Flexible parents: joint effects of handicapping and brood size manipulation on female parental care in Nicrophorus vespilloides

Tom Ratz, Per T Smiseth

Research output: Contribution to journalArticlepeer-review

Abstract

Parental care is highly variable, reflecting that parents make flexible decisions in response to variation in the cost of care to themselves and the benefit to their offspring. Much of the evidence that parents respond to such variation derives from handicapping and brood size manipulations, the separate effects of which are well understood. However, little is known about their joint effects. Here, we fill this gap by conducting a joint handicapping and brood size manipulation in the burying beetle Nicrophorus vespilloides. We handicapped half of the females by attaching a lead weight to their pronotum, leaving the remaining females as controls. We also manipulated brood size by providing each female with 5, 20 or 40 larvae. In contrast to what we predicted, handicapped females spent more time provisioning food than controls. We also found that handicapped females spent more time consuming carrion. Furthermore, handicapped females spent a similar amount of time consuming carrion regardless of brood size, whereas controls spent more time consuming carrion as brood increased. Females spent more time provisioning food towards larger broods, and females were more likely to engage in carrion consumption when caring for larger broods. We conclude that females respond to both handicapping and brood size manipulations, but these responses are largely independent of each other. Overall, our results suggest that handicapping might lead to a higher investment into current reproduction and that it might be associated with compensatory responses that negate the detrimental impact of higher cost of care in handicapped parents.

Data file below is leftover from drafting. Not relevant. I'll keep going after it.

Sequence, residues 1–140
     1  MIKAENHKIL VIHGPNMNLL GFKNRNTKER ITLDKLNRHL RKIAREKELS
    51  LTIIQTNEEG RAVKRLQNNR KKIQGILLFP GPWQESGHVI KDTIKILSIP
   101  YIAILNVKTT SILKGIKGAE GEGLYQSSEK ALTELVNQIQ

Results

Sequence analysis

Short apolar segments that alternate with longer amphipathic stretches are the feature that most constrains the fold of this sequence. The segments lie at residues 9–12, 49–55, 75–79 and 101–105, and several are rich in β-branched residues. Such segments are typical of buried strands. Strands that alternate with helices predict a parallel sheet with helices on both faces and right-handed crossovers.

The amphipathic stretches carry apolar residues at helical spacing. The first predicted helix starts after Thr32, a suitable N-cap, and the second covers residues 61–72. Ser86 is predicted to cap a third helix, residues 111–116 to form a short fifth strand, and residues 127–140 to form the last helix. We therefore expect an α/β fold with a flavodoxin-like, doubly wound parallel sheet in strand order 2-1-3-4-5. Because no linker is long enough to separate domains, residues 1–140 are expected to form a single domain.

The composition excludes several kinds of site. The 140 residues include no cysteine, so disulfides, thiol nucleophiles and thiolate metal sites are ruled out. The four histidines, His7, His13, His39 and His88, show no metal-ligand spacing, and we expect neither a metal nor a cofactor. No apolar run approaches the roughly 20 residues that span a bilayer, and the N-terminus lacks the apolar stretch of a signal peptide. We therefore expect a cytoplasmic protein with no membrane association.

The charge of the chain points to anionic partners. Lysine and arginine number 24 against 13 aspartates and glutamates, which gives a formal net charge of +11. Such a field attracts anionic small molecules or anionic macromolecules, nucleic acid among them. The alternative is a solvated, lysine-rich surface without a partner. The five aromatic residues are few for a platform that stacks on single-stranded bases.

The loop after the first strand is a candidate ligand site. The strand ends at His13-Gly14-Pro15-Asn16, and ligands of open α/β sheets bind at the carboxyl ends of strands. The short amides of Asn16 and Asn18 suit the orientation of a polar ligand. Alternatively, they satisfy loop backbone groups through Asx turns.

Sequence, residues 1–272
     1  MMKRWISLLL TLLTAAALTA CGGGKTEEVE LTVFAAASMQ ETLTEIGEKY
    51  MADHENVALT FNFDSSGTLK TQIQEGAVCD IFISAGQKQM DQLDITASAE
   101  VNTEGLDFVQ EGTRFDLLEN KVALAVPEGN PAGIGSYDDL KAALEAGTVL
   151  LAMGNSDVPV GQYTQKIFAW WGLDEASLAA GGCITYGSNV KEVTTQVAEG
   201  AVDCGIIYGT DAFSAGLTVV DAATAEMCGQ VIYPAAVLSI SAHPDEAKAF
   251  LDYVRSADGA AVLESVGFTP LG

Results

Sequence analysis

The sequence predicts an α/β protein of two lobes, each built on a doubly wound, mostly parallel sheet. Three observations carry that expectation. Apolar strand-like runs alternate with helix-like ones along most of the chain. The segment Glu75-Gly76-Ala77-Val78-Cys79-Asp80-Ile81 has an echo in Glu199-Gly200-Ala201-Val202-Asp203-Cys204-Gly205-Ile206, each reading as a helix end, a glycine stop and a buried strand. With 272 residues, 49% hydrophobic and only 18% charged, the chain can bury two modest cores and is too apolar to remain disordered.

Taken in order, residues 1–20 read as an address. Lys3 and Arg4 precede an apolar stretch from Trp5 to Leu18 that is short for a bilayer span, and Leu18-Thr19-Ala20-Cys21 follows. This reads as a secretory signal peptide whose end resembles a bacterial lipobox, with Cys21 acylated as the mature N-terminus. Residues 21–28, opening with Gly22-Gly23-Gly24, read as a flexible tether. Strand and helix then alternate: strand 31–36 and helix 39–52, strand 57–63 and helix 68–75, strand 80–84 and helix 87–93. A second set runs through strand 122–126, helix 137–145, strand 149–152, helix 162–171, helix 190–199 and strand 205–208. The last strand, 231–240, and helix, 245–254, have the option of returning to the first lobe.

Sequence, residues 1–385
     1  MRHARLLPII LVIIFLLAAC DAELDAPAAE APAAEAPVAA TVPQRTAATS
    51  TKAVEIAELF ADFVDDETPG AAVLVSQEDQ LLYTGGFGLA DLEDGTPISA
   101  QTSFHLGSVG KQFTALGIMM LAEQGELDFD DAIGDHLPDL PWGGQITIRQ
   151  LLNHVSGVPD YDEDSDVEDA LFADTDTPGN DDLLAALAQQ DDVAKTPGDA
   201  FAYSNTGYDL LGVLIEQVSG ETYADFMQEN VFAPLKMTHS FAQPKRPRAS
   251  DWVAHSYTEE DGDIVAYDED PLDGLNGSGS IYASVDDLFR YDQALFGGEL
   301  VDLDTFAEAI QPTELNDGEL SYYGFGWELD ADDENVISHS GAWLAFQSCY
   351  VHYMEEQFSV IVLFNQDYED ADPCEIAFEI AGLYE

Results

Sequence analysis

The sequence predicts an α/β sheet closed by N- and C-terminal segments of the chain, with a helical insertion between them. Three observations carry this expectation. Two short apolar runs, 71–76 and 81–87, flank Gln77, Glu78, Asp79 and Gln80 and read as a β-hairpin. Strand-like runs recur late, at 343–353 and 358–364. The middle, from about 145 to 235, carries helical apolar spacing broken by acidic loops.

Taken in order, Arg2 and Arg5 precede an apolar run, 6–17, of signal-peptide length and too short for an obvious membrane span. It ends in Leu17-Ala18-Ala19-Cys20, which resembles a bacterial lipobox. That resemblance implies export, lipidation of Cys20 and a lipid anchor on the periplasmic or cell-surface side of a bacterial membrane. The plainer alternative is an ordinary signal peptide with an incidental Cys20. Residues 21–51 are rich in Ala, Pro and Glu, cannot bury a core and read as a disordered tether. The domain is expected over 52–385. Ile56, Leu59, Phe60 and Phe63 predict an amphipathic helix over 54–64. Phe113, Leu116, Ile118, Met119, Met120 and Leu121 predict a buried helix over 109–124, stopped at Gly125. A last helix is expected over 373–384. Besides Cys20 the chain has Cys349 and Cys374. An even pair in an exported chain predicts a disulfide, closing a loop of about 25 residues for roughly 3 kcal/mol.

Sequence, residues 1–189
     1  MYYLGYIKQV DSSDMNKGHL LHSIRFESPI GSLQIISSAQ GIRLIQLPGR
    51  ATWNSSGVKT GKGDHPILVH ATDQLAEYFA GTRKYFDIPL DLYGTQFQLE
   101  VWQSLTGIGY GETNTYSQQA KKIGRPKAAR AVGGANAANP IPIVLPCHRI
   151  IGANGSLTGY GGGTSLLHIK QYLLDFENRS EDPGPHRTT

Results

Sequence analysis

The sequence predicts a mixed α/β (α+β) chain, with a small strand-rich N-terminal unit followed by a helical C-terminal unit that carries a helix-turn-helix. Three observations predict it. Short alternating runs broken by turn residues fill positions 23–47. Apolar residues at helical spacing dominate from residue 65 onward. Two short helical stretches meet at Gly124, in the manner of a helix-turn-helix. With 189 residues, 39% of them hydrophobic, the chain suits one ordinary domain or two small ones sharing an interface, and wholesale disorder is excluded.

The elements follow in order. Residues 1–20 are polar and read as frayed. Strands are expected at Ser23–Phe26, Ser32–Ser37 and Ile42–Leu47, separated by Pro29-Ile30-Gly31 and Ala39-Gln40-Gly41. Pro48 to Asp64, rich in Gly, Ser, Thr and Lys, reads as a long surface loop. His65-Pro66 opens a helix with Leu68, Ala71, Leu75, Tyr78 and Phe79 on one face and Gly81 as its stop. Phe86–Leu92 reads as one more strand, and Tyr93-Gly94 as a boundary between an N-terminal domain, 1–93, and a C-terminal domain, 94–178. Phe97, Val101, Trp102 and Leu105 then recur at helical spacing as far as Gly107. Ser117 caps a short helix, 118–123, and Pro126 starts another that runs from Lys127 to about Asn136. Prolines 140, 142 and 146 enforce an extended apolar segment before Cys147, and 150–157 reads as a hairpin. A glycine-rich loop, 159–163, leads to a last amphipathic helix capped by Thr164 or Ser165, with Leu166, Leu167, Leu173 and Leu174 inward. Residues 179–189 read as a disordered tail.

Original languageEnglish
Number of pages11
JournalJournal of Evolutionary Biology
Early online date22 Feb 2018
DOIs
Publication statusPublished - 21 Mar 2018

Keywords

  • Nicrophorus vespilloides
  • cost and benefit of care
  • parent-offspring interactions
  • parental care decision

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